The music man

At the University of Maine, Christopher White leads the Pride of Maine Black Bear Marching Band, Screamin’ Black Bear Pep Band, and the Symphonic Band, UMaine’s highest level audition group. Bands under White’s direction average 70 public performances per year and provide the UMaine soundtrack that successfully links generations of students, alumni and fans.


Christopher White:
We’re going to do something a little different today. Do you all remember the number groups you were in last night?


Christopher White:
Music is an art. It needs three things to survive. You need composers, who create the music. You need performers, who perform the music, because music is a performing art. It has to have that group of people who will take what’s on the written page and recreate the music. Then you need people to listen. Music education needs to serve all three of those areas in some way.

I direct the University of Maine Symphonic Band, which is our top auditioned ensemble. They perform two concerts a semester. In the spring they tour throughout the state for four days to help recruit for the university.

And I direct the University of Maine Marching Band. They perform in the fall for football games, local parades and events. We do an exhibition at the state marching show to recruit kids from there as well.

And I direct the Screamin’ Black Bear Pep Band, which meets in the fall and spring. They play at all home men’s ice hockey games and all home men’s and women’s basketball games. We perform other little functions on campus as needed as well.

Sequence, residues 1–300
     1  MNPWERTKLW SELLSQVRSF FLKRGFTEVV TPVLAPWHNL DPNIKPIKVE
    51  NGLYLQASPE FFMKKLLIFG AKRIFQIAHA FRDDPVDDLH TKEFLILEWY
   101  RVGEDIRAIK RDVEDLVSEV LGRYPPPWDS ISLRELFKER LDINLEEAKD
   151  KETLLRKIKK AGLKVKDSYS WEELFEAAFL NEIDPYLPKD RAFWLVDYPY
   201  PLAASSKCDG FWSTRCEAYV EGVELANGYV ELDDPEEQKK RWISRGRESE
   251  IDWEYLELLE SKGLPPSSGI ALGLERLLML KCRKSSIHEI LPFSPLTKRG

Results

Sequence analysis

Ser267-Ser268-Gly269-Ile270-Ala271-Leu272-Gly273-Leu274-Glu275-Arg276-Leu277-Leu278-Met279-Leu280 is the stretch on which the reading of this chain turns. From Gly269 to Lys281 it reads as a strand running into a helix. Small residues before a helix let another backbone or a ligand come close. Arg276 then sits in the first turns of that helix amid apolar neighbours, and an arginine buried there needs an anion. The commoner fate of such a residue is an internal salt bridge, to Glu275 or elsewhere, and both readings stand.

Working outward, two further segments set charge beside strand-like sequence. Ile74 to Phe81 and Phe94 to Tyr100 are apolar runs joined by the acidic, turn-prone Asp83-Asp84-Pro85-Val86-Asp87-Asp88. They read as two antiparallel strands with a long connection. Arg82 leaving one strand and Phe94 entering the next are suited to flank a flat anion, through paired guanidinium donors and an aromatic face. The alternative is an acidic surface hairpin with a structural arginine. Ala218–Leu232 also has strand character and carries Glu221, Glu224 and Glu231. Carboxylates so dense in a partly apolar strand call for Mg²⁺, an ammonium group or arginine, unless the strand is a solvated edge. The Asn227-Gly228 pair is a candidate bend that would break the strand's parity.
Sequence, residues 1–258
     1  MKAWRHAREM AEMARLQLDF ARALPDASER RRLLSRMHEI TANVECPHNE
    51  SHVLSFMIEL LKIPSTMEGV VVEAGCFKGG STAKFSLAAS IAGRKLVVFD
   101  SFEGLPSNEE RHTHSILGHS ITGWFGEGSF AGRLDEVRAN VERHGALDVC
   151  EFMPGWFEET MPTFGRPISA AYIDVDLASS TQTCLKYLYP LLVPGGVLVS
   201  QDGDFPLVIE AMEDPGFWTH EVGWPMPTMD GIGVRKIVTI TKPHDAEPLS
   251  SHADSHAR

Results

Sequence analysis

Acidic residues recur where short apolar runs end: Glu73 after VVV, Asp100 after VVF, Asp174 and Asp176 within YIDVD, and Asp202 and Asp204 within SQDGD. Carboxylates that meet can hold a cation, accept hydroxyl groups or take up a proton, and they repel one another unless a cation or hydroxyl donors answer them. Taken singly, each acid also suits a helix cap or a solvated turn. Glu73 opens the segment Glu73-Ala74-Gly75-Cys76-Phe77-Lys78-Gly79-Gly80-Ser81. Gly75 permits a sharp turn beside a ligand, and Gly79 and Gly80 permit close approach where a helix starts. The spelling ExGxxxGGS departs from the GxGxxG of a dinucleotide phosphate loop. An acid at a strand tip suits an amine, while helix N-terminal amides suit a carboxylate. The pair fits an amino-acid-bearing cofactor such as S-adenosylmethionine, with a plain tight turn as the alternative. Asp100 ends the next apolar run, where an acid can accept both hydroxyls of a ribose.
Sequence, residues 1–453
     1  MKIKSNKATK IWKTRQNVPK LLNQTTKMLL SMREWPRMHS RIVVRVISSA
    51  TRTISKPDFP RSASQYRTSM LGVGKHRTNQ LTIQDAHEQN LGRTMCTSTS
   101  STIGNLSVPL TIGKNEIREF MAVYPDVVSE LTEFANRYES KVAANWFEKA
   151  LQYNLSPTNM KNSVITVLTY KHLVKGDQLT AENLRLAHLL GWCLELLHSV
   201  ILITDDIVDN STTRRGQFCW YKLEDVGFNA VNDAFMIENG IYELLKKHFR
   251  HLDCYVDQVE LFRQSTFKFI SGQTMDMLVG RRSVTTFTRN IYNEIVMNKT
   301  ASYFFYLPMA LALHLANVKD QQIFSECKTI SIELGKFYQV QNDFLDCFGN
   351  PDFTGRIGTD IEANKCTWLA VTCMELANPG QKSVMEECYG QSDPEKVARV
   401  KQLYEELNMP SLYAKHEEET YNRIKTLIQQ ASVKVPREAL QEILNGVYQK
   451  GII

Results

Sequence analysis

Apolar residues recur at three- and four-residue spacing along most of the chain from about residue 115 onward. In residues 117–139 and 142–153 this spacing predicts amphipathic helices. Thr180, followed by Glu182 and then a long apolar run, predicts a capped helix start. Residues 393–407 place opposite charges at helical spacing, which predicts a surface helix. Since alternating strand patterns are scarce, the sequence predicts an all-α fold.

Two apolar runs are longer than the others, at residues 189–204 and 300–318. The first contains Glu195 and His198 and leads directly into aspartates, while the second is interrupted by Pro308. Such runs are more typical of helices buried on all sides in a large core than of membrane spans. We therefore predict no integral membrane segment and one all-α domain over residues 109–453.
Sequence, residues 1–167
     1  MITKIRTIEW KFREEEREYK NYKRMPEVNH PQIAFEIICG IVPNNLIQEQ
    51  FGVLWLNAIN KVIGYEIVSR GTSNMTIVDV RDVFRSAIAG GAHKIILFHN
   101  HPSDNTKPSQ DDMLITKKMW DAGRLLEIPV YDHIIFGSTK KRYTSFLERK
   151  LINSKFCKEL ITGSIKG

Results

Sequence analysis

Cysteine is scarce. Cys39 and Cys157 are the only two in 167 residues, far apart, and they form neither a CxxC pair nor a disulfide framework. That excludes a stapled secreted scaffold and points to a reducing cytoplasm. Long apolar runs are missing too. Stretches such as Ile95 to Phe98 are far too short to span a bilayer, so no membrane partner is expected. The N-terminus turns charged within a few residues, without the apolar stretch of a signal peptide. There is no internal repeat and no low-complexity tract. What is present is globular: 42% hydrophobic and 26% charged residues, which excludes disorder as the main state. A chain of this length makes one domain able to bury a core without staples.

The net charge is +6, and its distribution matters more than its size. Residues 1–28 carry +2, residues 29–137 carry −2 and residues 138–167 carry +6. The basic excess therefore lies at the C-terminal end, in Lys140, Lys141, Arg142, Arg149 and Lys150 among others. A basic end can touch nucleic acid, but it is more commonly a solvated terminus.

Jay Baines:
He puts a lot of pride in making we sure have a system. The system works. We have a plan. If we put the plan in action, we’ll get everything done in no time, and we keep going. As long as you stick to the plan, stick to the system, everything works perfectly.

Phoenix Mitchell:
Mr. White, as any band director would, they’re the parent of the band. It’s like he is the mediator. He tells you what to do and what you cannot do. Then sometimes he makes it fun. Sometimes you have to work to do the best that you can in the band.

It’s really nice working with him. He’s been working here for a very long time, so he’s like an uncle to me, basically.

Jessica Oriente:
Mr. White’s teaching style is very student-oriented, because the band couldn’t run without its students. I think he realizes that and puts a lot of effort into putting the students and their thoughts into the show.

For instance, to choose the shows for next year he gathers up the student leaders — drum majors and section leaders — and we throw out our thoughts on what we want the show to be. He recognizes that and definitely works with us.

He does also push us a lot. That’s how you get better at something. It’s definitely student-oriented.

Christopher White:
I enjoy the students and interacting with them. I enjoy making music.

Each year becomes even more enjoyable because I do think we have a rich history here, and they’re becoming part of what we’re doing. I enjoy sharing that with them, and I enjoy sharing what we have at the university when we go off-campus, because I don’t think everyone always knows all the things that go on here.

When you can get out in the public, everyone’s appreciative. Some of them are even surprised, like, “Wow, I didn’t know.” As soon as we can take someone who says, “Wow, I didn’t know,” and they have a positive experience, it’s a great thing for all of us.